Fannie Mae: Insertion Of Jumpstart Language In Spending Bill Will Not Impede Legal Action Against Sweep

Fannie Mae: Insertion Of Jumpstart Language In Spending Bill Will Not Impede Legal Action Against Sweep
Fannie Mae

Fannie Mae: Insertion Of Jumpstart Language In Spending Bill Will Not Impede Legal Action Against Sweep by Investors Unite

It is regrettable that Congress abandoned transparent legislative channels and inserted itself into the conservatorship of Fannie Mae and Freddie Mac with a monkey wrench provision dropped into a must-pass, catch-all spending bill during a closed-door, last minute negotiation.

What has not changed is this: The net worth sweep is illegal. Shareholders and others will continue to press ahead as their litigation gains momentum.  Congress can and should assert its oversight authority and honor its obligations to taxpayers.  Investors Unite Founder Tim Pagliara summed up this reality with his statement yesterday.

Based on our own legal analysis, the Federal Housing Finance Agency, as conservator, retains an array of options on what to do with the preferred stock of GSEs created under the terms of the 2008 Housing and Economic Recovery Act. Just as importantly, the language added this week to the omnibus spending bill is silent on the warrants Treasury holds for 79.9 percent of the companies’ common stock. These could be worth well over $100 billion. They could be transferred to the Housing Trust Fund and Capital Magnet Fund, as Dr. Robert Shapiro and Dr. Elaine Kamarck have proposed in a recent paper that mapped a way out of the conservatorship. This would shore up for the long term funds integral to the GSEs’ mission of expanding access to affordable housing for working people. FHFA could also allow the GSEs to issue more common stock, thereby raising additional funds, which would benefit taxpayers. Other experts have demonstrated feasible paths to recapitalization that would be in the broader public interest.

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In addition, the spending bill (which could be on the way to the president’s desk by the end of the week) does not preempt a legal settlement in pending shareholder litigation. Last month, the government made what we regarded as feeble case to dismiss the suit filed by investors Gary Hindes and David Jacobs in U.S. District Court in Delaware.  In addition, the discovery process continues in a case stemming from a petition by the New York Times to learn more about FHFA’s supposed independence from Treasury in actions related to the Sweep. Federal Claims Court Judge Margaret Sweeney has ruled the government should plan on producing more documents.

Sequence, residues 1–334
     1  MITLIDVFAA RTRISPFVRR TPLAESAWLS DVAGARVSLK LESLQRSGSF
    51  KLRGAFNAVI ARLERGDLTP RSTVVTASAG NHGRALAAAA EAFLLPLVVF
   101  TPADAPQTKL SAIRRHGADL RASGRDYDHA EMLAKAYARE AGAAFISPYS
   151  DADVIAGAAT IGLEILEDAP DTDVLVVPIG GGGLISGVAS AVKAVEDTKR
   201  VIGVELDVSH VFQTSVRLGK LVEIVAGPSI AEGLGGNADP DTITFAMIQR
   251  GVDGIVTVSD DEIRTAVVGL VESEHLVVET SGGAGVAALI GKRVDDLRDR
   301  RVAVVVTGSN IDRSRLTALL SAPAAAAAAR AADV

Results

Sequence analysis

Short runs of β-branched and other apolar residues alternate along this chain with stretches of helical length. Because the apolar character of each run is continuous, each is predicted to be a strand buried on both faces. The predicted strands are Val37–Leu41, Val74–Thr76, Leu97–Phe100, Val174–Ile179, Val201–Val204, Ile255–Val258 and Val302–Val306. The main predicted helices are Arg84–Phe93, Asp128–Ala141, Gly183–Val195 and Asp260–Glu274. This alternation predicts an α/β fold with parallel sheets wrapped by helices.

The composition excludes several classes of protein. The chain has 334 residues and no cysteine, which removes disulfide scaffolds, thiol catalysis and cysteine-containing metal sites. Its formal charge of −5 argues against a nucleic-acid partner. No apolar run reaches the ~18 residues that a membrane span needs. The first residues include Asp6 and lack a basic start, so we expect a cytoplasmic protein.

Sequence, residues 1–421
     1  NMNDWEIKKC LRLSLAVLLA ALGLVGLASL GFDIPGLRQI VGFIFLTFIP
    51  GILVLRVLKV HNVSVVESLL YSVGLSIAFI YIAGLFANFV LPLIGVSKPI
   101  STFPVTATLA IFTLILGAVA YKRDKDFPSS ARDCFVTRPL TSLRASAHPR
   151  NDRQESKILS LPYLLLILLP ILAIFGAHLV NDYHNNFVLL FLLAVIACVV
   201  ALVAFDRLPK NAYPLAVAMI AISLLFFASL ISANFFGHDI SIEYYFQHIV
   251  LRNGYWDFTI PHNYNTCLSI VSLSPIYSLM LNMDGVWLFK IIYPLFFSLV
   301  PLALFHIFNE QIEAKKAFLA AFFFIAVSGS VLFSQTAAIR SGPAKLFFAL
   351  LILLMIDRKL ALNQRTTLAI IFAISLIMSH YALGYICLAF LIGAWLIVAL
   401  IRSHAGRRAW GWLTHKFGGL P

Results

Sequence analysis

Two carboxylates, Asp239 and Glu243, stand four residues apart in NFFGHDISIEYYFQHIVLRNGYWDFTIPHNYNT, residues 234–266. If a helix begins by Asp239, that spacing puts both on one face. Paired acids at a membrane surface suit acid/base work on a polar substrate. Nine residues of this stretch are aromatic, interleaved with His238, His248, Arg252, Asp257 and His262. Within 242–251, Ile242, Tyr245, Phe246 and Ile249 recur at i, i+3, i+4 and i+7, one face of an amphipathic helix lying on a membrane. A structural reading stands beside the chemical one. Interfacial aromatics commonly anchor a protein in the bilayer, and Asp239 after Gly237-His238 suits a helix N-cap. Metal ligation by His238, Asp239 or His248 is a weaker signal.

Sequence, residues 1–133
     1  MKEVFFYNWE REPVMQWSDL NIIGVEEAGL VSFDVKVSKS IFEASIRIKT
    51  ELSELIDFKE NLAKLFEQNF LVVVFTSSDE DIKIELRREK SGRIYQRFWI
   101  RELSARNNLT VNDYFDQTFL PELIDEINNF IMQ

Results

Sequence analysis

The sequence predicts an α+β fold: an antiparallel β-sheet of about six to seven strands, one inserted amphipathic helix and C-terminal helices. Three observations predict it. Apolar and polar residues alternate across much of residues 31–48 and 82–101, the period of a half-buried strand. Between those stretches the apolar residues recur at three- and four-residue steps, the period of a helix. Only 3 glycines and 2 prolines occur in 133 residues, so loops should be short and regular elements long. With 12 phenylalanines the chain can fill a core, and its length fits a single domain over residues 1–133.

Instead of seeking to assume powers that HERA gave FHFA as conservator, Congress should have by now taken up legislation offered by Rep. Marsha Blackburn, R-TN, to put the GSE revenue that Treasury continues to sweep into a separate holding account, instead of allowing the government to use the money any way it wants. Another idea, offered by Rep. Mick Mulvaney, R-SC, would let Fannie Mae and Freddie Mac build up their capital cushions. These would have been more suitable responses than hastily adopting provisions of the Jumpstart bill pushed by Sen. Bob Corker, R-TN.

The Administration and key lawmakers have made clear they want to dismantle Fannie Mae and Freddie Mac. That is their prerogative. However, the law required these institutions would first be put on stable footing. In anticipation of their release from what was expected to be a temporary conservatorship, Congress should have had hearings on how to wind them down, and explored in depth how a successor housing finance system would function and how it would affect aspiring homeowners, taxpayers and investors.

As questions arose about the conservatorship and the Sweep, Congress should have shifted into oversight mode. Former Federal Deposit Insurance Corporation Chairman Bill Isaac called on the Senate Banking to undertake such a review many months ago, but instead we have ended up with ill-conceived Jumpstart language that has never even been subject to a hearing.

If Congress wanted to put the brakes on GSE recapitalization and reform, it should have taken up important policy changes through the regular legislative process and investigated the diversion of tens of millions of dollars of GSE revenues into the general funding stream of government. Instead, it has chosen to lock in place, for at least two more years, flawed and illegal policies.

But that is not the last word in this saga as far as we’re concerned.

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